In fall 2017, the first cohort of borrowers became eligible for Public Service Loan Forgiveness (PSLF). The program started in 2007 and can forgive the student debt of those who work for nonprofit or government agencies for 10 years. However, there have been questions about whether anyone has actually received forgiveness for their loans.
While the Department of Education has been somewhat tight-lipped about the situation, a few people now claim to have actually received confirmation of their loan forgiveness. Here’s what you need to know.
Fewer than 1,000 are expected to benefit from PSLF in 2018
As of Jan. 5, 2018, the Department of Education said it has received about 7,500 unique applications for PSLF.
“Fewer than 1,000 people are expected to be eligible for a loan discharge under the PSLF program in fiscal year 2018,” the Department of Education told Student Loan Hero. This is due, in part, to the “limited availability of income-based repayment plans in the early years of the program.”
The Department of Education pointed out that the application period has only been open for a short time and said that verifying 10 years’ worth of borrower employment and payment history can take a great deal of time.
On Reddit, a user known as Agnail shared a screenshot described as a portion of a loan forgiveness letter, claiming to have received a discharge of remaining balances.
“Those of us who have feared that PSLF might be a mirage can take some solace that, at least for now, PSLF is real, and actual borrowers have begun receiving it,” Agnail wrote. Student Loan Hero wasn’t able to authenticate the letter as of the writing of this post.
In the thread, Agnail said that the case might have been expedited due to the fact that there wasn’t a lot of complexity in the application.
“The fact that I worked for the same employer for the full time probably made it easier for the Department of Education to verify my PSLF application,” Agnail wrote. Additionally, Agnail turned in the employer certification form each year after it became available in 2012.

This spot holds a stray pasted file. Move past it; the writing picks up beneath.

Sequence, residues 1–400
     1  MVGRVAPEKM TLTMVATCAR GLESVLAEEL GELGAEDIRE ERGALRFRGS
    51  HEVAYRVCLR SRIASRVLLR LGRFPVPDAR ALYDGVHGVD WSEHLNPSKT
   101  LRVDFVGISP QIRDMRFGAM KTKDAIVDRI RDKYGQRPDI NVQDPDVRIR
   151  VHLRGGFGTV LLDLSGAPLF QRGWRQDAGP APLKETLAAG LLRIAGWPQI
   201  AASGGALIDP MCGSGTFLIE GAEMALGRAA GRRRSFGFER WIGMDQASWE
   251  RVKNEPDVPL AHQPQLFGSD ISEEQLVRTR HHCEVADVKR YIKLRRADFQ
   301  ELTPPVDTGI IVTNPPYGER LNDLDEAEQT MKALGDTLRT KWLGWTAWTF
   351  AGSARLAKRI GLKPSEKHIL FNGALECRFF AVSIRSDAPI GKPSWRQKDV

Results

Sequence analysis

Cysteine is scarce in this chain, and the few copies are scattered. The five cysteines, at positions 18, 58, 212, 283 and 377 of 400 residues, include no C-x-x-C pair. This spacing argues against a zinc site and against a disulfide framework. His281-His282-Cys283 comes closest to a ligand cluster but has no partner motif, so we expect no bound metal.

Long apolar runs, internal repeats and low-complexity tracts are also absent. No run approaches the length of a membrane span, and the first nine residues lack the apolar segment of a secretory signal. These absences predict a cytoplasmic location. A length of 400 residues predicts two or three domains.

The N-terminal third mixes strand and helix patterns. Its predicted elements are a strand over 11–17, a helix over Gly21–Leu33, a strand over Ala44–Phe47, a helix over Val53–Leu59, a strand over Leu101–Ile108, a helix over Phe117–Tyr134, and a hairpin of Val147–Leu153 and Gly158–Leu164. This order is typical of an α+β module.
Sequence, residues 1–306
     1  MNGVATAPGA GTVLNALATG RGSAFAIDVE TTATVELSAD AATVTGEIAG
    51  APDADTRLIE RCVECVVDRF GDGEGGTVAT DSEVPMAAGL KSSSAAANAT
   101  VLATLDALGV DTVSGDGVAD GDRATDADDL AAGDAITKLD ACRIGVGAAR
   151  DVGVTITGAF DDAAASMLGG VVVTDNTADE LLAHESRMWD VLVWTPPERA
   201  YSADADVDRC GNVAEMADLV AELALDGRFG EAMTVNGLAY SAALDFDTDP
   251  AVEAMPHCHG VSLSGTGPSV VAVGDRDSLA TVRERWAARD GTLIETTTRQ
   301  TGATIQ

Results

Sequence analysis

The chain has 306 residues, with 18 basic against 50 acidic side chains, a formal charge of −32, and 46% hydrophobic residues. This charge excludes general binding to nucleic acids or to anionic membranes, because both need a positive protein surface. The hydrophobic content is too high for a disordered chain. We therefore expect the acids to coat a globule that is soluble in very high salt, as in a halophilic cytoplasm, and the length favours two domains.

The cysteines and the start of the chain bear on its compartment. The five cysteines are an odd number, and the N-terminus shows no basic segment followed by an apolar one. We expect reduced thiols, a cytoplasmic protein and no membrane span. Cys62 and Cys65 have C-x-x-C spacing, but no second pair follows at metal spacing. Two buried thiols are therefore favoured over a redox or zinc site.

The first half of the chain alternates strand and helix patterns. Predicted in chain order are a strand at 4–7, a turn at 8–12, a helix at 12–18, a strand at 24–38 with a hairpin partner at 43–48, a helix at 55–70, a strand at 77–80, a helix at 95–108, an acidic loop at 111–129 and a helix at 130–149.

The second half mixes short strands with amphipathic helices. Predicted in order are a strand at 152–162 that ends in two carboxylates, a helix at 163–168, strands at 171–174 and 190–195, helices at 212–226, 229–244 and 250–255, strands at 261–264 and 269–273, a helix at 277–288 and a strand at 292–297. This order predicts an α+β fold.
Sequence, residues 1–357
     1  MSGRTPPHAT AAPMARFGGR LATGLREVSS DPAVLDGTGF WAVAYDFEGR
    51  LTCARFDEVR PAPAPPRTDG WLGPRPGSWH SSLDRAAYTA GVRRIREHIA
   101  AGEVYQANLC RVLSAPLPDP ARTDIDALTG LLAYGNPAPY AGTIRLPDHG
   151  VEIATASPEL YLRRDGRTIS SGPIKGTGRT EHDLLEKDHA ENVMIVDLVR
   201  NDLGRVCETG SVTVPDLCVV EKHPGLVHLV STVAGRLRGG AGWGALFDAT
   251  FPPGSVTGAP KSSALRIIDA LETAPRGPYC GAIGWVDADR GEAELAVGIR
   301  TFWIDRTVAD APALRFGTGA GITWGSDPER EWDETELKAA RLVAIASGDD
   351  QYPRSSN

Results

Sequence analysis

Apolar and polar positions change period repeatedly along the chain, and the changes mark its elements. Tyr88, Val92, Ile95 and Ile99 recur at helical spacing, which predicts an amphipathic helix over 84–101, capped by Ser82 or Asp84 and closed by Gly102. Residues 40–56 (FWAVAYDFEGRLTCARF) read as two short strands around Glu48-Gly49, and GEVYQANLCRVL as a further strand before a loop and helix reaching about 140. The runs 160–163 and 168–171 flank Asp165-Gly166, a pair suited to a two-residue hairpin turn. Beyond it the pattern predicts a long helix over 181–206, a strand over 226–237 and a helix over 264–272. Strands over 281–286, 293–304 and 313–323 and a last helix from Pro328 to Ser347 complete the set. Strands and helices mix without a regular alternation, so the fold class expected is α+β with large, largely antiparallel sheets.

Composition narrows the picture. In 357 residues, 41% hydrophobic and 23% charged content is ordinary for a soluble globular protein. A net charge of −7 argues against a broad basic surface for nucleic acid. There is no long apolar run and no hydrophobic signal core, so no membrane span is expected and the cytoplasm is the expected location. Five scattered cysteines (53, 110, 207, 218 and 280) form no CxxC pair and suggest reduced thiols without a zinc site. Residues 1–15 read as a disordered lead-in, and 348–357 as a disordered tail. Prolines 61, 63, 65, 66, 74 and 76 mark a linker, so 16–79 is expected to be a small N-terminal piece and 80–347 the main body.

How to become eligible for PSLF
In order to receive PSLF, you need to work for a nonprofit or government agency while making 120 payments on qualifying loans. One of the issues that have arisen in the last few months has been confusion over which loans are eligible for the program.
“Only Direct Loans are eligible for PSLF,” the Department of Education said in a statement. “Older loans, such as those under the Federal Family Education Loan program or the Federal Perkins Loan program, are not considered eligible loans.”
In order for those loans to “count,” borrowers must consolidate them using the Direct Loan program. However, consolidation resets the clock on the 120-payment requirement for forgiveness. So if you’ve been making payments on old loans, you might not qualify for PSLF.
For some borrowers, this reality has been sobering. One Oklahoma teacher was looking forward to PSLF but found out her loans didn’t qualify, reported CNN Money. She’d been paying for a decade and her loan balance had ballooned from $37,000 to $75,000 due to income-driven options.
Complaints against servicers over PSLF have been on the rise as borrowers claim they weren’t presented with accurate information about their eligibility.
“At the time the PSLF program was created, only an estimated 25% of the total loan portfolio consisted of Direct Loans,” said the Department of Education, which expects more people to qualify in the future as older programs phase out.
The Department of Education recommended submitting the employer certification form each year to make it easier to track your eligibility for the program. The first form was made available in 2012. So if you began work before then, the government will take longer to verify your status.
Note that the Department of Education makes the final decision. Even letters issued in the past saying you’re on track might not be binding.
The future of PSLF
No matter who benefits from PSLF now, the future of the program is in doubt. Legislation in Congress, known as the PROSPER Act, aims to end PSLF. Additionally, President Trump’s latest proposed budget suggests getting rid of PSLF.
However, there are expectations that those currently working toward PSLF will be grandfathered in and still receive their forgiveness if they qualify.
For now, consider whether working in a lower-paying job is worth the loan forgiveness. In some cases, it might make more sense to take a high-paying private sector job and pay off your loans early. Refinancing can help you lower your interest rate and payment if you’re in that situation.
If you want to stick with PSLF, double-check to see that your loans qualify. Additionally, make sure to turn in your employer certification form each year and track your qualifying payments.
Finally, if you think that PSLF should stick around, track the legislation moving through Congress and contact your representatives to let them know your position.
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